ASEAN Consumer Survey: E-Commerce Potential
05 December 2017
With a population of about 640 million, a growing middle class and rising internet penetration, the ASEAN region is often considered a potential next ‘gold rush’ for e-commerce.
In a 2016 report released by Google and Temasek, the average annual growth rate of internet users in the ASEAN-6 countries for 2015-2020 was forecast at 14%, well above 4% for China and 1% for the US and EU.
In total, the ASEAN-6 countries will have approximately 483 million internet users by 2020. Indonesia ranked top with 215 million users, followed by the Philippines (93 million), Vietnam (82 million), Thailand (59 million), Malaysia (28 million) and Singapore (6 million).
The same report also forecast the combined size of online retail market in the ASEAN-6 to grow to US$88 billion by 2025, up more than 15-fold from US$5.5 billion in 2015. Among the six countries, Indonesia will be the fastest growing market, with an astonishing 39% compound annual growth rate (CAGR) during the 10-year period, outpacing the ASEAN-6 average of 32%.
In absolute terms, Indonesia’s e-commerce is expected to grow into a US$46 billion market by 2025, from just US$1.7 billion in 2015. At the same time, Vietnam, the Philippines, Thailand and Malaysia will all become much better markets, ranging between US$8-11 billion. The fast e-commerce expansion in the ASEAN-6 will also drive online sales as a percentage of total retail sales to reach 6.4% by 2025, up from 0.8% in 2015.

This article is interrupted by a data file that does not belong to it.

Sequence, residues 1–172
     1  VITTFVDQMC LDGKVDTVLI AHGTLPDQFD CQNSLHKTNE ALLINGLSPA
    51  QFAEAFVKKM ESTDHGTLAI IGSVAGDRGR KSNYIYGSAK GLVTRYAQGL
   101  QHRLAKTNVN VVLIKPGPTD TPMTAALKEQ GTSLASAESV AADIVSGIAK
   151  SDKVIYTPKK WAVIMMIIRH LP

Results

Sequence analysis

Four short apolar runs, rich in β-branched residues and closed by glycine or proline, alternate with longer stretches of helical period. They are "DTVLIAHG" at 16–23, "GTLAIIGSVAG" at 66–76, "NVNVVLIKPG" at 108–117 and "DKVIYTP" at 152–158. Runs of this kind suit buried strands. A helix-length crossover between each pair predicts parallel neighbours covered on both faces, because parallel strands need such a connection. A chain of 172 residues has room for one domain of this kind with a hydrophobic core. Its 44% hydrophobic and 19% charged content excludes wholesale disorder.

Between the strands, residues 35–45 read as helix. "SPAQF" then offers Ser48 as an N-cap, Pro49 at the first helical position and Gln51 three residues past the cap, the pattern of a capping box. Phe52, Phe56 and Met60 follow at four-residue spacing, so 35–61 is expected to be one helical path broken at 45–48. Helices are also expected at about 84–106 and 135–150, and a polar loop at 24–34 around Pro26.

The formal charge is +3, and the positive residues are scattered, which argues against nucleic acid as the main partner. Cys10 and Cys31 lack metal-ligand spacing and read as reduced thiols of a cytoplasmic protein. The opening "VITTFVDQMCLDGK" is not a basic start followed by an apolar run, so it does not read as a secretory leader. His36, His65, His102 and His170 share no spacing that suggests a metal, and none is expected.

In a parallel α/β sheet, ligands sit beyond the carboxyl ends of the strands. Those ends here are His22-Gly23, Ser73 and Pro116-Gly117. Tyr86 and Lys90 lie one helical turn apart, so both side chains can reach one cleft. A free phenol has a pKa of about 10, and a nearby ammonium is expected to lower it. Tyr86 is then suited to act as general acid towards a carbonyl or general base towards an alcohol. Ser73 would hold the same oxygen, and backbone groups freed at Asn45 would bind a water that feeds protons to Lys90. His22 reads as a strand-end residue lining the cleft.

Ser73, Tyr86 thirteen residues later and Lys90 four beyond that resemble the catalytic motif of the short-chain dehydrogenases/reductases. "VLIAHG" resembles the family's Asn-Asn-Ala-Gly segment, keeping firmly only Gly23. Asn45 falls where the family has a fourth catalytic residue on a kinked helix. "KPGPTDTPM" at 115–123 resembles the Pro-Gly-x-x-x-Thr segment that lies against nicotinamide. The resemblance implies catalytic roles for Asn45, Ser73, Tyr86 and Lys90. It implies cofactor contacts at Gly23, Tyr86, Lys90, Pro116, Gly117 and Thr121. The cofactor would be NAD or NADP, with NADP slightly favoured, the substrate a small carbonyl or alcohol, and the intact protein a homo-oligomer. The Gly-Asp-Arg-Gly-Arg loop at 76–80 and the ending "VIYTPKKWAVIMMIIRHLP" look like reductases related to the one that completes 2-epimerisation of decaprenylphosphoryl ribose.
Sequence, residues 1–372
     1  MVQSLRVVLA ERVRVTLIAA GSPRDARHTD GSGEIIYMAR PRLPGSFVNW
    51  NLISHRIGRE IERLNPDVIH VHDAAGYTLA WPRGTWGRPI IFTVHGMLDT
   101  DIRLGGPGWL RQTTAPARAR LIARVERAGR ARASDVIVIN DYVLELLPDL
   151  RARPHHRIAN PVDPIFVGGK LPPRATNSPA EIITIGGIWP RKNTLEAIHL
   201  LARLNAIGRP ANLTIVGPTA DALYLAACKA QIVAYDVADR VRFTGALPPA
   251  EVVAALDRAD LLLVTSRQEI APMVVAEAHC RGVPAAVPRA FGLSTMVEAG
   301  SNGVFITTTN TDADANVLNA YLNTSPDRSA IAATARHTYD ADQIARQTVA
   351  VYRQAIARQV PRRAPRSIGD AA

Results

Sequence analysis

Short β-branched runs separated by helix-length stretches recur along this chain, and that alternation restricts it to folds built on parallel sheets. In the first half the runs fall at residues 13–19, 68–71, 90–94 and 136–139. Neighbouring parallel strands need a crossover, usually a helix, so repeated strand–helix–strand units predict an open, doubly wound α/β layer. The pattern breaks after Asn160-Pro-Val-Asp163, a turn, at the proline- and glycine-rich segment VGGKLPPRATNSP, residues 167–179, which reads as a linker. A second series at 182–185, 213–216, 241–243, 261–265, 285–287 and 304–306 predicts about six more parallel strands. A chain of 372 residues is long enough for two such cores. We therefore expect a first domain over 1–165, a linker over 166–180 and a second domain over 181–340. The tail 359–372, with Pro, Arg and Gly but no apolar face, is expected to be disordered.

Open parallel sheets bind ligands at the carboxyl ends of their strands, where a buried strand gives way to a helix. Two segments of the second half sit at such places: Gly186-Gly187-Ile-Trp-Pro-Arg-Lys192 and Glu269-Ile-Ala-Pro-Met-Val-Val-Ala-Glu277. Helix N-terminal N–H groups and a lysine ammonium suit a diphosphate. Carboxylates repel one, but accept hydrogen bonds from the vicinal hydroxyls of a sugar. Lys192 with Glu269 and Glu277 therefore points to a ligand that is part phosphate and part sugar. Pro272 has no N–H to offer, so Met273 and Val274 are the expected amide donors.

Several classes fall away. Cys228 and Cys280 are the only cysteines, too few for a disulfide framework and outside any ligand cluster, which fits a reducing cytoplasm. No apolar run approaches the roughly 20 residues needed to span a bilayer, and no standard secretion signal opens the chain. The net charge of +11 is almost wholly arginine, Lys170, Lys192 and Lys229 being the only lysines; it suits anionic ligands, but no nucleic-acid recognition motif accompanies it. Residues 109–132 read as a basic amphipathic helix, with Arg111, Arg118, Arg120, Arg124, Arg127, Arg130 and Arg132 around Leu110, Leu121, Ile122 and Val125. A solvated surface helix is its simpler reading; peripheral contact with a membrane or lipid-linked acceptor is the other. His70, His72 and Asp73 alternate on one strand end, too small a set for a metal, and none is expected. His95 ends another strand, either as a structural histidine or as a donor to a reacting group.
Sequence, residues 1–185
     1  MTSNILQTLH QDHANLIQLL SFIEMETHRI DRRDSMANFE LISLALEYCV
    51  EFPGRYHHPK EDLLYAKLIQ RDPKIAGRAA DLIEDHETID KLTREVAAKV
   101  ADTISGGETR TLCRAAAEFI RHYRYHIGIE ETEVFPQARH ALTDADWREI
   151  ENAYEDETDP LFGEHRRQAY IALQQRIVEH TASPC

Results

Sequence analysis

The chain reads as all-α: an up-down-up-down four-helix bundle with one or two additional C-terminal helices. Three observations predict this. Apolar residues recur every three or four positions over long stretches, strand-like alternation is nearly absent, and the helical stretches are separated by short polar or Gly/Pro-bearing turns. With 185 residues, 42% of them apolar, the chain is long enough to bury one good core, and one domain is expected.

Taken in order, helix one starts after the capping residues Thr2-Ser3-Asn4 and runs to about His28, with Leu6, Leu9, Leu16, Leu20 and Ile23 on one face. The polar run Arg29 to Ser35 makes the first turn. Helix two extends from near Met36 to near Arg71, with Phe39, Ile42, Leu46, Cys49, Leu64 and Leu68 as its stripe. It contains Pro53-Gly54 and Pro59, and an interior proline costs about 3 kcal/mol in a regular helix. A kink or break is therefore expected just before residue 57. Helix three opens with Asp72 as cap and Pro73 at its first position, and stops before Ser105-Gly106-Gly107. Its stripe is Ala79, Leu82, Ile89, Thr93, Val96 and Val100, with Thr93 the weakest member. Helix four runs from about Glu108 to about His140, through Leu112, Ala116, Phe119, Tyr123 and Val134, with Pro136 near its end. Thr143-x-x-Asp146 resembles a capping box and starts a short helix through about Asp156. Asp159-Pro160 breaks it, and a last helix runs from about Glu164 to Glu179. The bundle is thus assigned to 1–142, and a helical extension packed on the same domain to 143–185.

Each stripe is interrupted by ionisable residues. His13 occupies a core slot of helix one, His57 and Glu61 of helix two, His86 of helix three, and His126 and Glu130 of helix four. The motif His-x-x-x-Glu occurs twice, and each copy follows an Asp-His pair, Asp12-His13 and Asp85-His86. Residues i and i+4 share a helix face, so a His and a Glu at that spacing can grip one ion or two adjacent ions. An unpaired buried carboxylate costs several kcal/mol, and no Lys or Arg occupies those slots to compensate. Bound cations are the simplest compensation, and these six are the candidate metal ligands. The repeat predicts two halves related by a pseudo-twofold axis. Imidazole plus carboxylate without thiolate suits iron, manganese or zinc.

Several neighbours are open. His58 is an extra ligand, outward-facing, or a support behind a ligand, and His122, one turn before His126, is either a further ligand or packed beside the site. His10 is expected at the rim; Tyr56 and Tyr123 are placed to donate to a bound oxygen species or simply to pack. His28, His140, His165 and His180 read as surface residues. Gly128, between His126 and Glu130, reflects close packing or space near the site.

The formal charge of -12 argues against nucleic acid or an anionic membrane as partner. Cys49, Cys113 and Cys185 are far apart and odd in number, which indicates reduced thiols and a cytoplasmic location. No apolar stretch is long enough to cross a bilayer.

Increasing Online Shopping
A survey by HKTDC Research revealed that ASEAN consumers have increasingly switched from shopping at physical stores to shopping online. Apart from travel tickets and hotels, which most consumers are already accustomed to booking online, more and more people nowadays buy film tickets, clothes, electronics and other products online. Some 40% of the surveyed interviewees said that they shop online at least once a week.
One of the most important factors driving growth in e-tailing is the growth of mobile devices with internet access and a change in consumer behaviour. Nowadays, ASEAN consumers look for devices that offer ease of use and convenience and are increasingly making informed purchase decisions by reading online reviews and comparing prices across websites to find the best deals.
Overall, the survey results showed that “convenience” is the top reason for consumers placing an order online, with 73% of the respondents citing “can shop anytime when I am free” as their primary motivation for online shopping. Closely following this was “have easy price comparison” cited by 69% of respondents, reflecting that price remains a major consideration even among middle-income consumers. Indeed, nearly 60% of respondents also indicated that they shop online in looking for cheap deals. Greater product variety was also commonly identified as a decisive factor driving online shopping. It is noteworthy that more than half of respondents (55%) believe that online channels offer a greater variety of products than physical channels.